(Note there’s also the bit about broken supply chains and a whole host of other factors, which some people are blaming as the inflation cause. Per usual, multiple factors can lead to an outcome, but I’d put my money on the biggest driver being the largest money printing experiment of all time.)
Anyway, enter 7 percent inflation.
What happens next will be really important
In my article about money printing, I explained that there’s really only two main ways The Fed can deal with all the money they brrr’ed into existence:
- Start doing the opposite of printing money. To get technical, this would mean they stop buying government bonds and start selling them instead.
- Let the economy grow (or inflate) its way out of the problem.
Number 2 is interesting to think about. For example, after WWII when government debt was the largest in history, the government never really “paid back” the debt. Instead, they just watched the economy grow so big that the debt payments were tiny relative to the government’s income. (It’s the same concept as buying a house in 1970, and then watching the housing market and inflation climb and climb. Grandpa paying his $50/month mortgage from 1970 is no sweat today, thanks mostly to inflation.)
So, what’s The Fed gonna do?
Evidence in favor of strategy #1
In their January meeting, The Fed announced a plan to stop inflation. Specifically, they will stop buying bonds and start raising interest rates. they will start fighting inflation by raising interest rates and stopping their bond buying.
Translation: they’re saying they will turn the money printer off, but aren’t promising to go so far as actually removing any money from the economy.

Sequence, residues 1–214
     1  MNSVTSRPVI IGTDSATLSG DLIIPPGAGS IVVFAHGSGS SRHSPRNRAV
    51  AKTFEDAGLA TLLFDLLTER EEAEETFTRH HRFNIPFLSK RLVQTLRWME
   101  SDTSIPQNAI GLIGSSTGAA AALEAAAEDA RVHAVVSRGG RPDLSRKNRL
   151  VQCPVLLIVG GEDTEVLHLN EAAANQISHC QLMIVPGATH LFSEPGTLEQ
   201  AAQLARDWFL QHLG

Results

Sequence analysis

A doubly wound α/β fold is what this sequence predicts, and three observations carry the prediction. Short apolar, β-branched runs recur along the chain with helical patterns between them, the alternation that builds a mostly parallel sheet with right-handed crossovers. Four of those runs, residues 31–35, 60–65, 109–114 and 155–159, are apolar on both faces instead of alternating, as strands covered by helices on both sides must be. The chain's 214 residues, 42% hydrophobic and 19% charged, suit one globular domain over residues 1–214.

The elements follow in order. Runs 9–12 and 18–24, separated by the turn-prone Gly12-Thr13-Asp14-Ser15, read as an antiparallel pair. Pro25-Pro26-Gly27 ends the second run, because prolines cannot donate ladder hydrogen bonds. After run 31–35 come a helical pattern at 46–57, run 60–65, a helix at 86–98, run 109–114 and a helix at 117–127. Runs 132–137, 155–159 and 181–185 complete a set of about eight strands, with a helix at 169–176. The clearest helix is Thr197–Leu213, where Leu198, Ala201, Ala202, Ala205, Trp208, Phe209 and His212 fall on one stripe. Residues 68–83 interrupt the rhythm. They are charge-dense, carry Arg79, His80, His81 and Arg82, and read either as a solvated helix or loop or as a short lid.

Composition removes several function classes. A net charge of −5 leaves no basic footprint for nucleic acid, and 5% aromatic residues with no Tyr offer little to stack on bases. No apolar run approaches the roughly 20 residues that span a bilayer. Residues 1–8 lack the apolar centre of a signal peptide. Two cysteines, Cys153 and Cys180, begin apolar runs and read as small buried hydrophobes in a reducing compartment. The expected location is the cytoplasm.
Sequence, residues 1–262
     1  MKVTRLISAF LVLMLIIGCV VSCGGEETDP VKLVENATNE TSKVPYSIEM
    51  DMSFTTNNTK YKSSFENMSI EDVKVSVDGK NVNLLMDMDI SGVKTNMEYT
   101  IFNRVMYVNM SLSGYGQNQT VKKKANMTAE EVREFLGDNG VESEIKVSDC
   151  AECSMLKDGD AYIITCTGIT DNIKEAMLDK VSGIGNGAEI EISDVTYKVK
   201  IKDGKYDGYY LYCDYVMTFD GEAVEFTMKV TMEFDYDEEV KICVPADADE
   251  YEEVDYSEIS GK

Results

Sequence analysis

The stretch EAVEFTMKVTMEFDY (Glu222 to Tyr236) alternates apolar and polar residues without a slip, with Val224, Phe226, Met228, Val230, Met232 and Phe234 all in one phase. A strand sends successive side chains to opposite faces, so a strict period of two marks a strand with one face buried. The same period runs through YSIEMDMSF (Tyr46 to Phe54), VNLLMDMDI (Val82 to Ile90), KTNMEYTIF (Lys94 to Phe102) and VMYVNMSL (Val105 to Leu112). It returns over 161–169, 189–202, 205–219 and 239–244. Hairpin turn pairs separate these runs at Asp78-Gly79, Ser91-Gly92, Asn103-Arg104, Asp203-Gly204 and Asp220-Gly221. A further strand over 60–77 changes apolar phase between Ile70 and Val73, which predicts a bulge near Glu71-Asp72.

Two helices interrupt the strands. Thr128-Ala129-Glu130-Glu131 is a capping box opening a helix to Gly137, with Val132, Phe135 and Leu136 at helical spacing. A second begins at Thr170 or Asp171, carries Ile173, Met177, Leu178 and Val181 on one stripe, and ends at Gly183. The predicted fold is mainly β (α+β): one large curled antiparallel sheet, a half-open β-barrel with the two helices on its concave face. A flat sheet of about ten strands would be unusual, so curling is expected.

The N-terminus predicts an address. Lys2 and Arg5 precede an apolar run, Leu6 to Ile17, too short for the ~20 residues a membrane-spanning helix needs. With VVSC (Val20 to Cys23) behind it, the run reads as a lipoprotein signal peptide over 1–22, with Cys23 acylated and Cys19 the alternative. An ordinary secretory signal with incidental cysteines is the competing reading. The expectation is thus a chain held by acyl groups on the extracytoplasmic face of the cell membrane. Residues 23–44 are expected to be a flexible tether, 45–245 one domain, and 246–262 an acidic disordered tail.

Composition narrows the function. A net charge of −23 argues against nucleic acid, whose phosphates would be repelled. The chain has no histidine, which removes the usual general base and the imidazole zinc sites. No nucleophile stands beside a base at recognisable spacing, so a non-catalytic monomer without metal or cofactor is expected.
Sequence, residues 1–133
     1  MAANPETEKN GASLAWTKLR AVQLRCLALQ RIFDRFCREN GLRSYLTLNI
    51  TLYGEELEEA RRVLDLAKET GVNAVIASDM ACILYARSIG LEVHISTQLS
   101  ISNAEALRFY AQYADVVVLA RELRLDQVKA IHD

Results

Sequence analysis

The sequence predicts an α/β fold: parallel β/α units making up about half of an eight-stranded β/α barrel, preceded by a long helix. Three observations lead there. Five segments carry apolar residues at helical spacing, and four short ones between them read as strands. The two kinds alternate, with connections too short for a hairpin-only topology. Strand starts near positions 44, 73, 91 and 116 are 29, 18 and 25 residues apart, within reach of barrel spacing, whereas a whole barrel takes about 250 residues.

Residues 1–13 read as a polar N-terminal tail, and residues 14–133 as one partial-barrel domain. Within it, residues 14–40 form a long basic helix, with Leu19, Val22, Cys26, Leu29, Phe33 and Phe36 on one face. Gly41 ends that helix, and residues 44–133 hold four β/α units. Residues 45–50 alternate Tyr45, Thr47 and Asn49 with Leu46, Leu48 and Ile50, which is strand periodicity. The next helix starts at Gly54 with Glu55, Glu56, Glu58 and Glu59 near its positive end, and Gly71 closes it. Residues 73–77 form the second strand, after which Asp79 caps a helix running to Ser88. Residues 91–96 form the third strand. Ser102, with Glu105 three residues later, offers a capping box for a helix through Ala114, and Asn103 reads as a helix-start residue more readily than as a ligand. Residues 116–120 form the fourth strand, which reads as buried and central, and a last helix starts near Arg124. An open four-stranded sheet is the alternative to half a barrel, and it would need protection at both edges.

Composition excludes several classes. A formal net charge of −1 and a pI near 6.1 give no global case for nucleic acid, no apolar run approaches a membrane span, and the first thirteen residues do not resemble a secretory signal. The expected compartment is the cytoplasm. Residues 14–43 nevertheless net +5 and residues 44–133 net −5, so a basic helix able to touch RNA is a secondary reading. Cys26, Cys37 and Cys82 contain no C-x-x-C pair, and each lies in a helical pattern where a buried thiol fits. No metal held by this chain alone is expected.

BUT, they do plan to raise interest rates. Which through a technical process way too detailed for this article, has the effect of depressing asset prices and curtailing inflation.
Here’s what to watch for: if they actually commit to raising interest rates and don’t immediately revert course the moment there’s trouble in the economy, and if they eventually start reissuing bonds, then maybe there’s some hope we don’t all end up carrying our dollar bills in wheelbarrows. (Kidding! Somewhat…)
Evidence in favor of strategy #2
In three words: 7 percent inflation.
The more the government allows inflation to stay at record levels, the more they’re choosing the path of “inflating away” the country’s debt problem.
Most people might not get too worried about the difference between 2 and 7 percent, but you all are astute money wizards, so I know you understand The Rule of 72.
- 2 percent inflation means that your cash will lose half its value every 36 years